, 2022-10-21 12:52:00,
After a year of work Mobile County has reopened Escatawpa Hollow, the formerly private riverside campground it is redeveloping as a park, giving the public a taste of improvements to come to the site along the sandy beaches of the Escatawpa River.
“I am so happy to welcome you to Escatawpa Hollow Park and Campground,” County Commissioner Connie Hudson, who has championed the project, said at a brief ceremony Friday morning. “This is a very special, long-awaited occasion … The public has really been clamoring to come back out here.”
The creation of the park goes back to Escatawpa Hollow Campground, a site on U.S. 98 at the Mississippi state line that was owned for more than 30 years by Larry and Janice Godfrey. The Godfreys sold it to the county in 2019, and in spring of 2021, the county closed the park for “Phase 1A” of improvements. The work was primarily funded by a state grant of $3.5 million in GOMESA funds, money that originates with oil and gas leases in the Gulf of Mexico.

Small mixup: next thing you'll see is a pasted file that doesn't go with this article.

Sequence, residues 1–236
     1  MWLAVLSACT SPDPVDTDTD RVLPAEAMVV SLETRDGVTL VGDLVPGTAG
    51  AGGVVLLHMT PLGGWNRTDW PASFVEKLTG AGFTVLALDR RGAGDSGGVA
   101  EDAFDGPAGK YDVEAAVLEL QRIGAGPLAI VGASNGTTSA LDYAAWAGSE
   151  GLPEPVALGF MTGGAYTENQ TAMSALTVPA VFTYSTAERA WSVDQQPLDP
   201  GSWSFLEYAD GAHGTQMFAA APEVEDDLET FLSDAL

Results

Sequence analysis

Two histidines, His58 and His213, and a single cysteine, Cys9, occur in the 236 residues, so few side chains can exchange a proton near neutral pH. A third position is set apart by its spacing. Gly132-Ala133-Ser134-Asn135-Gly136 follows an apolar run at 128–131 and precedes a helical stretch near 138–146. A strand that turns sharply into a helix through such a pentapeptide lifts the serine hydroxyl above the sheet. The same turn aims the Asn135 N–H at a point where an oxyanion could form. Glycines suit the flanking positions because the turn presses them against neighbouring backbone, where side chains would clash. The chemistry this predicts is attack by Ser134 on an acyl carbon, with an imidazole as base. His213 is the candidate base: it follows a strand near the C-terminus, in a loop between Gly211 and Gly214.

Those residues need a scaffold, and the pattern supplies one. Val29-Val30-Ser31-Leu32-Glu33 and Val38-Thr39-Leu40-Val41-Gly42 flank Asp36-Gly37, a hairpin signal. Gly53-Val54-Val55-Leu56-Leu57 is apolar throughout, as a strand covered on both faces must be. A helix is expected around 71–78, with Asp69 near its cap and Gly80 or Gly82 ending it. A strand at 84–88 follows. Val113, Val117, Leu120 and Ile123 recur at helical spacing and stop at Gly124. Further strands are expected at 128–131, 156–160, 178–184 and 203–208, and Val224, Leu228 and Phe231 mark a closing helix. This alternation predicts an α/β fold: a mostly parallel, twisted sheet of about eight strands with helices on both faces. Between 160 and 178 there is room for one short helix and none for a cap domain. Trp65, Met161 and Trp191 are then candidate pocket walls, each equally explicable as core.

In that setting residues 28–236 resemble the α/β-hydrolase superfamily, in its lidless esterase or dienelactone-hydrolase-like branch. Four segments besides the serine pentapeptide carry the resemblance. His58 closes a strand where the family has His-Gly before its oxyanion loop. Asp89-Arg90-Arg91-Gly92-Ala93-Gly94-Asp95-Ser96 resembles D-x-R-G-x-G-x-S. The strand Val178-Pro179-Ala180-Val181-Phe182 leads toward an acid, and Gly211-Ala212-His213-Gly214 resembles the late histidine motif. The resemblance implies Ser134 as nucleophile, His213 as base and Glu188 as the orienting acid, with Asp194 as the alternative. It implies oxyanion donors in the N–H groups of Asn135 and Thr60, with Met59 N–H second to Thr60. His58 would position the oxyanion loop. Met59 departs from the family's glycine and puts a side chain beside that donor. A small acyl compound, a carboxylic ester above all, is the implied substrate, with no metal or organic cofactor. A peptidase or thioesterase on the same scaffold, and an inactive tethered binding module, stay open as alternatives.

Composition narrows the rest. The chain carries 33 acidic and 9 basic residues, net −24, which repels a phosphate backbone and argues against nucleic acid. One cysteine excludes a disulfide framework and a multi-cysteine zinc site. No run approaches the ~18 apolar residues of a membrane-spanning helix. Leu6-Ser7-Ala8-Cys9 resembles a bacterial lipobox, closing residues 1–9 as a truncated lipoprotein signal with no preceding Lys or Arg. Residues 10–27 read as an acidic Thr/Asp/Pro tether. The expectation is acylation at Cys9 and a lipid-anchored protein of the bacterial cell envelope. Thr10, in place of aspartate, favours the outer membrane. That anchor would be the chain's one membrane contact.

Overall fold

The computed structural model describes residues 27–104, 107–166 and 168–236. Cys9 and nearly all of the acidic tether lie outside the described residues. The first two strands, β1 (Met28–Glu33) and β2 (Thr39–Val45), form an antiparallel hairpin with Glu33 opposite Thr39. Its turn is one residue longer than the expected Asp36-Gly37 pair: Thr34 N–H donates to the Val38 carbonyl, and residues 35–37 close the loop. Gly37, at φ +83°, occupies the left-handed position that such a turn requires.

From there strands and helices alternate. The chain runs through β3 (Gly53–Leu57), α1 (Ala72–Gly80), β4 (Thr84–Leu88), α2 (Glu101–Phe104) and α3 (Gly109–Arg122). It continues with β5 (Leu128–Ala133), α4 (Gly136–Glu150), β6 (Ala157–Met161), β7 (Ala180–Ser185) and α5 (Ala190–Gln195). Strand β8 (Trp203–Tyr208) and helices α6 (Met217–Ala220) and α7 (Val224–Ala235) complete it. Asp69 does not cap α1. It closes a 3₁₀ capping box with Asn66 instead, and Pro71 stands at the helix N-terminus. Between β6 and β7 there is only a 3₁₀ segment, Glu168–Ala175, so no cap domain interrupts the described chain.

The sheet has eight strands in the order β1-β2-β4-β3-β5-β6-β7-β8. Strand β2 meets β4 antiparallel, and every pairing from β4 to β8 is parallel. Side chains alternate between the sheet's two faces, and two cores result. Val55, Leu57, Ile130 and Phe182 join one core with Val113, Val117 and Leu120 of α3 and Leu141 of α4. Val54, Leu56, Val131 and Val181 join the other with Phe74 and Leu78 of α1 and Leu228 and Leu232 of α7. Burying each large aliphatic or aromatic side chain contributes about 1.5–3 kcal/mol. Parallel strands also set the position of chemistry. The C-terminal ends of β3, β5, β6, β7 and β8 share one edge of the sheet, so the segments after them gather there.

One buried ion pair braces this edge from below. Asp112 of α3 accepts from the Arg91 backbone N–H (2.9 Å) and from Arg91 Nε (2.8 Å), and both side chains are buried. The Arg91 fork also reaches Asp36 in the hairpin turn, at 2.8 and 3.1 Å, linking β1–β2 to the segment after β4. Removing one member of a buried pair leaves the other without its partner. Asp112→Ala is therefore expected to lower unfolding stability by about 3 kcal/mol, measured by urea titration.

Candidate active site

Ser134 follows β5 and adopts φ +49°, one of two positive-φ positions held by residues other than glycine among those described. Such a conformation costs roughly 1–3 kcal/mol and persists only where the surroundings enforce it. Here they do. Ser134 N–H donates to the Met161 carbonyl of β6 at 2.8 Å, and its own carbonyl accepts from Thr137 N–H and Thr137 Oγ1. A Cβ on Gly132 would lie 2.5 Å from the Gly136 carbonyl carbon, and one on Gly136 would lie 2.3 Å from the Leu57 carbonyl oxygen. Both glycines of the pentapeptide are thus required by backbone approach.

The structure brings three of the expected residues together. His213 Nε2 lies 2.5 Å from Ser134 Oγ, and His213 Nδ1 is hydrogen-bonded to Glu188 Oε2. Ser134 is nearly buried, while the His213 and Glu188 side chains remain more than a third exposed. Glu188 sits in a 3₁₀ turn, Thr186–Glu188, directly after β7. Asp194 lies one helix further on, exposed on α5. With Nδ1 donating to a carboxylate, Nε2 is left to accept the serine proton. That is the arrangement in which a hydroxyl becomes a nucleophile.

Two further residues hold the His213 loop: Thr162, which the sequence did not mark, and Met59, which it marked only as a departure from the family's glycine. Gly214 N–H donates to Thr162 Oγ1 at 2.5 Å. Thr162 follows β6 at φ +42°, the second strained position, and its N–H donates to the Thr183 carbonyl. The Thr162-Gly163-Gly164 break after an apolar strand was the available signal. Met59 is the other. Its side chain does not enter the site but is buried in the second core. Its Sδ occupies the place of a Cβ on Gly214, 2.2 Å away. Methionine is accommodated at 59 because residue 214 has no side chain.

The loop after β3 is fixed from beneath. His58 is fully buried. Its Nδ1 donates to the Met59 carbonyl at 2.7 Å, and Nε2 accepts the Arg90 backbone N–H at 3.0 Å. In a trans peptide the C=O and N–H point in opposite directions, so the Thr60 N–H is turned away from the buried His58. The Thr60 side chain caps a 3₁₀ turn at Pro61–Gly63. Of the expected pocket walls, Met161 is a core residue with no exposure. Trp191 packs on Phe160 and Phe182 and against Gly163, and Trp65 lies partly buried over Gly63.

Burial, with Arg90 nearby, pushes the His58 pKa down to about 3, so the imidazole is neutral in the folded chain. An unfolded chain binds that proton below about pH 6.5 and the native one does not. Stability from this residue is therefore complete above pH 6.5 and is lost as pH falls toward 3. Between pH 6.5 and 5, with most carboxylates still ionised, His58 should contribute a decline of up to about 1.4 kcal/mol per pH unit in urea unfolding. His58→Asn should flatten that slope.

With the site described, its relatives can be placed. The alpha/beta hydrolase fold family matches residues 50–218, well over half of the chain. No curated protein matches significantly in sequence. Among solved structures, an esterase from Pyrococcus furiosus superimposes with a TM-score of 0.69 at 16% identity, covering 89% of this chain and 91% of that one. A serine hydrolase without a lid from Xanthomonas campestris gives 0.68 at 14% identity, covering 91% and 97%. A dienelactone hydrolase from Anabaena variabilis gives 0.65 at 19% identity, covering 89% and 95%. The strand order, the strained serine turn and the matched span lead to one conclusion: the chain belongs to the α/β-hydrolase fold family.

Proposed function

Work will continue in the year ahead on remaining Phase 1A improvements – an RV campground with more than 30 pads will open in early 2023 – and Phase 2B work. The latter will include a café, a general store, a black water river interpretive center and a playground. Planned Phase 2 projects include rentable cabins, a conference center, a disc golf course, more walking and biking trails and rentals for tubing and paddling.
While that work continues, Escatawpa Hollow will be open from 8 a.m. to 5 p.m., seven days a week, with no admission fee.
As before, the sandy beaches are the main attraction. But now patrons can drive through the park on fresh asphalt, rather than gravel roads. New picnic pavilions are scattered along the woods aside the river. The main parking area features a brand-new restroom facility; another, with laundry and showers, serves the RV area, where landscapers were at work on Friday.
“This is only the beginning,” said Hudson. “There’s a lot more to come.”
Part of the reason it has taken this long to get to this point is that the county has negotiated the purchase of adjacent land, dramatically expanding the park’s footprint.
“What started out as 45 acres is now 200,” Hudson said. That new land isn’t yet in service. But when…
To read the original article, go to Click here